In the wake of OpenAI’s groundbreaking chatbot project, ChatGPT, both Abu Dhabi and China have announced plans to introduce their own versions of the program, which employs natural language processing to “converse” with users and deliver information.
With technological breakthroughs sweeping the field of artificial intelligence, countries such as the United Arab Emirates and China are now major players in this space, along with technology giants such as Google and Amazon. Dr. Aviv Gaon from Reichman University has called it an “arms race” for dominance in the field of artificial intelligence, which could have far-reaching implications.
Abu Dhabi’s Falcon LLM, a language model with 40 billion parameters that gathers its information from the internet, has been launched, and the country claims that its current model has advantages over other models on the market and that its cost is lower.
China has also announced plans for its own ChatGPT, with companies such as Alibaba and Tencent Holdings forming development teams to create their own versions. Another China tech giant Baidu has also launched Ernie, which CEO Robin Li has said was the result of “decades of hard work and efforts.”
Dr. Gaon has said that the development of artificial intelligence tools has tremendous economic potential, but there are also concerns that these tools could be used for military purposes. He also suggests that the “data it collects” is an area of concern. Countries can learn more about the behavior of users and citizens, including what bothers them and what is important to them. China has already set its goals to reduce the technological gap with the West and become a world leader in artificial intelligence by 2030.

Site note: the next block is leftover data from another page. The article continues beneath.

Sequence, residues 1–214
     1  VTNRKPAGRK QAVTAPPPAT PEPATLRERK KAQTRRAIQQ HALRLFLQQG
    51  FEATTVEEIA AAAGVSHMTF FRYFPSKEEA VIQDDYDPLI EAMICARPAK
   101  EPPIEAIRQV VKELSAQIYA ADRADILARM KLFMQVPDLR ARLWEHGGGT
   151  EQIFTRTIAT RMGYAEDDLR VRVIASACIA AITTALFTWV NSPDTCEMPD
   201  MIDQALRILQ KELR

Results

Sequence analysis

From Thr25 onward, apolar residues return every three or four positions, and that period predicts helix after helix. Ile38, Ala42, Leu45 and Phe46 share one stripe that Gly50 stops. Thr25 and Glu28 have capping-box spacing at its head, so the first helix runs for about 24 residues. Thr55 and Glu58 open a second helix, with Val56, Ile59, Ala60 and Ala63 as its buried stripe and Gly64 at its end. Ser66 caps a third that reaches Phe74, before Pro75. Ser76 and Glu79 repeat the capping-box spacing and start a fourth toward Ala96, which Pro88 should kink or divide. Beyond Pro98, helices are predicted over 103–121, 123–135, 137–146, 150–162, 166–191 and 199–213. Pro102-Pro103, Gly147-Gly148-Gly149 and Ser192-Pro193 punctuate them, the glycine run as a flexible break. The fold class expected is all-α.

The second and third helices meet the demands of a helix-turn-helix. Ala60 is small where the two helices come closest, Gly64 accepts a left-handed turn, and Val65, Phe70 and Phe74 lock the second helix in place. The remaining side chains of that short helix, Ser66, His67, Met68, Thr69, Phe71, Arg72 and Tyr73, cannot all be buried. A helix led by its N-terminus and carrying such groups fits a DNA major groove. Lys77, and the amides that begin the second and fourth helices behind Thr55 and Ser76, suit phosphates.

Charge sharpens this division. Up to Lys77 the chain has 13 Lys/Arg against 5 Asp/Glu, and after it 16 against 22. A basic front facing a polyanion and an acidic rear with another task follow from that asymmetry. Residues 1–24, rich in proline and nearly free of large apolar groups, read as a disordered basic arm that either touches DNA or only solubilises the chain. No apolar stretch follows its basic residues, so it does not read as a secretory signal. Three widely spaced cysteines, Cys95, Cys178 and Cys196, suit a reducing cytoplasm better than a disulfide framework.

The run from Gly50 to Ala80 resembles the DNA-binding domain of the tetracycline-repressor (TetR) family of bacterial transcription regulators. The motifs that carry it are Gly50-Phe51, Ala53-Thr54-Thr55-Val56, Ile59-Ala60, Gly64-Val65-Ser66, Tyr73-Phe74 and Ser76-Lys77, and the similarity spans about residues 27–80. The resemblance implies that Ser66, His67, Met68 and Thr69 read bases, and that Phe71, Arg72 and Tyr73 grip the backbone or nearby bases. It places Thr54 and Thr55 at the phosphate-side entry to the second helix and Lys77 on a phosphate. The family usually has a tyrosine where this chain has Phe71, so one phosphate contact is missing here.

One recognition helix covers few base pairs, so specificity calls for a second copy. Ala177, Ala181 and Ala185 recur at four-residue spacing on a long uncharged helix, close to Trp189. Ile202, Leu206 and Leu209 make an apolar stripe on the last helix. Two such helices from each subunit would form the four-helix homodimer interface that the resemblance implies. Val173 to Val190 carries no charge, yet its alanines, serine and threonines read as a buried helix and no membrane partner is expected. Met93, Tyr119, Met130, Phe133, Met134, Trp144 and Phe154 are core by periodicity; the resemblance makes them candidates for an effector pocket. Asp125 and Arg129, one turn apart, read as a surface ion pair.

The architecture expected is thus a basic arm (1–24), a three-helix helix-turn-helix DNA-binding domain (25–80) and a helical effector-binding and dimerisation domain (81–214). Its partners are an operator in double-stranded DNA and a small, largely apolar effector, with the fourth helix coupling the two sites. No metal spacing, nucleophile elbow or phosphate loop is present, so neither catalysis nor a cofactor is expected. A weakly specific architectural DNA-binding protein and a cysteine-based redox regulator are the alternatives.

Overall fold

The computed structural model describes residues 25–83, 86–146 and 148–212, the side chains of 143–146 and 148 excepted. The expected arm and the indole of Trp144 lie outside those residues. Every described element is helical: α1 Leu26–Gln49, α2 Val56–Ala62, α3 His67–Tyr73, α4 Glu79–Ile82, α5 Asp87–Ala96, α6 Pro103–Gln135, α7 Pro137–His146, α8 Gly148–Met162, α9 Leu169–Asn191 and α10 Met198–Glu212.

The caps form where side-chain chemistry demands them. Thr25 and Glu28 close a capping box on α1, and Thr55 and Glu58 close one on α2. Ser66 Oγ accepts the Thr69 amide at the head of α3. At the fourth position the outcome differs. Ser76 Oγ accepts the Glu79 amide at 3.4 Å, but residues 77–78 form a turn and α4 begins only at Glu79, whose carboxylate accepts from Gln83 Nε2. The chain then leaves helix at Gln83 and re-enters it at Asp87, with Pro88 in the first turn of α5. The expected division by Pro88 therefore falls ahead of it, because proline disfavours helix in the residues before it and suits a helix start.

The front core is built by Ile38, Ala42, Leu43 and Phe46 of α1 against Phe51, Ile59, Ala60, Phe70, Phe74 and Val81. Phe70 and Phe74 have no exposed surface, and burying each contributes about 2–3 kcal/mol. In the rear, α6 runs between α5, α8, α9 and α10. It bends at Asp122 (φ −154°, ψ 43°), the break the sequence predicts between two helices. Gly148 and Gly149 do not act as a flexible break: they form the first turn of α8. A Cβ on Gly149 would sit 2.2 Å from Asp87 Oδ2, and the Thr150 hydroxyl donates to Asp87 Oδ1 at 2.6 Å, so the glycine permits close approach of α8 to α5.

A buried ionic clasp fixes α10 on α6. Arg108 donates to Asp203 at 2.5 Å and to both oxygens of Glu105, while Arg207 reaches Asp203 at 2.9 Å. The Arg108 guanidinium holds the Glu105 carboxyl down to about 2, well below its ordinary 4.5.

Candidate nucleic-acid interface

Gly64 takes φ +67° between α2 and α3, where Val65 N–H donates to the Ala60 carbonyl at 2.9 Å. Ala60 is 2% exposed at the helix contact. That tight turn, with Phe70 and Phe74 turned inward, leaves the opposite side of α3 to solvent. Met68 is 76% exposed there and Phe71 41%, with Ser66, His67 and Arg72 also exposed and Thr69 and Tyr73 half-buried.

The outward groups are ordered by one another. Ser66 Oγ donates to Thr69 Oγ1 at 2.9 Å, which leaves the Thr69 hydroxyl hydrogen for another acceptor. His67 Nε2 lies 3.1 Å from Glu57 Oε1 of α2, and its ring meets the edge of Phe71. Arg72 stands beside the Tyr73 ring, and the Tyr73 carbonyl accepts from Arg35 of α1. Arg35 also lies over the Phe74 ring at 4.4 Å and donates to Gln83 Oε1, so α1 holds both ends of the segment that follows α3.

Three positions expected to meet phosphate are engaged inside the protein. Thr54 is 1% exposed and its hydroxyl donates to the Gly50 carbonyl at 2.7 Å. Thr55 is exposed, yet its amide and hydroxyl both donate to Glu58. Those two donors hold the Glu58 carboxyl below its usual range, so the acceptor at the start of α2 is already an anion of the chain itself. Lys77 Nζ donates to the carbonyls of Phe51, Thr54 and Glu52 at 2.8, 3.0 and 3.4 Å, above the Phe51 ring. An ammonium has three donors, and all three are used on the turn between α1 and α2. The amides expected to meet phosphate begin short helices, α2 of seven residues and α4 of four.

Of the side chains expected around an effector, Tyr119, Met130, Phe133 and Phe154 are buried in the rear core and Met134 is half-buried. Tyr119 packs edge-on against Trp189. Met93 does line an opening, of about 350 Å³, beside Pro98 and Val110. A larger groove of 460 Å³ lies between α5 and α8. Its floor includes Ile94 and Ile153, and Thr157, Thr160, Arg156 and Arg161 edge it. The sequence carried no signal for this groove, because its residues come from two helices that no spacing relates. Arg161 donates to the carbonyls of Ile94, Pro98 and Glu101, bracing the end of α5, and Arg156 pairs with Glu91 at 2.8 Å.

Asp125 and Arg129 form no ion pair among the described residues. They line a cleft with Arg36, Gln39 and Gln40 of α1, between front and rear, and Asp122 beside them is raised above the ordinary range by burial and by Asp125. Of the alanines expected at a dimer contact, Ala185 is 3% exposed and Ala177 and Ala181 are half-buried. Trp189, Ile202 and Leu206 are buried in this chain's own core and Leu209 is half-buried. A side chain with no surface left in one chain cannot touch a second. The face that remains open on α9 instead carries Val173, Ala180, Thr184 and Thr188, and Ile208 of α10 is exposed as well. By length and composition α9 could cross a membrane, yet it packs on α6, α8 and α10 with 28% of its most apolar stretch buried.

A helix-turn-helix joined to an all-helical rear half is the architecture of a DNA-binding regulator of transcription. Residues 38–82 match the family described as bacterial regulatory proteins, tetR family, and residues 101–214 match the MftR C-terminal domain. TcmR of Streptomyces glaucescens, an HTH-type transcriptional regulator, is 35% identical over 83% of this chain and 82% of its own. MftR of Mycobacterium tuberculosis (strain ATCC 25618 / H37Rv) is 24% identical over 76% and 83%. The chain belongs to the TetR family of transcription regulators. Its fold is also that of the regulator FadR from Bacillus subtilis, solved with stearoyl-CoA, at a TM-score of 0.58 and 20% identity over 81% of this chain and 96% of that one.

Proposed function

Dr. Harel Manshari, head of the cyber field at the HIT Institute of Technology and founder of the cyber system at the Shin Bet, has suggested that any development of artificial intelligence applications in China is carried out after the approval of the Chinese government, and that there is no such thing as private companies in China. He believes that China is already more advanced than the West, especially in the application of artificial intelligence in military technologies such as missiles and naval technologies.
Experts claim that it is impossible to predict which country or company will emerge victorious in the arms race for dominance in the field of artificial intelligence. However, China is expected to make significant advances in the field, as it has no privacy restrictions and ethical considerations are often disregarded if the ends justify the means. This is a significant risk, according to Dr. Gaon, because a sufficiently robust development in China could threaten global security. We do not know if this is true, but one thing is certain: the arms race for dominance in artificial intelligence has only just begun, and it is unknown how this will affect the future balance of power.